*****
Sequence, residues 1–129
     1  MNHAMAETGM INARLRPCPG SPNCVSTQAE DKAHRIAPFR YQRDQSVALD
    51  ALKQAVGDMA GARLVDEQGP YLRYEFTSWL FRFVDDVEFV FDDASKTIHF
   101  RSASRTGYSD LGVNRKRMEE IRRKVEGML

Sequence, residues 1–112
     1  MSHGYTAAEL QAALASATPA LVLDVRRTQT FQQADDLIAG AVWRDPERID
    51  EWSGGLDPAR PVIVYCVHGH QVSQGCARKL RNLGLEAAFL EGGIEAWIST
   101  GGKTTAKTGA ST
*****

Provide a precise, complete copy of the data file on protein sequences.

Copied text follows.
Sequence, residues 1–129
     1  MNHAMAETGM INARLRPCPG SPNCVSTQAE DKAHRIAPFR YQRDQSVALD
    51  ALKQAVGDMA GARLVDEQGP YLRYEFTSWL FRFVDDVEFV FDDASKTIHF
   101  RSASRTGYSD LGVNRKRMEE IRRKVEGML

Sequence, residues 1–112
     1  MSHGYTAAEL QAALASATPA LVLDVRRTQT FQQADDLIAG AVWRDPERID
    51  EWSGGLDPAR PVIVYCVHGH QVSQGCARKL RNLGLEAAFL EGGIEAWIST
   101  GGKTTAKTGA ST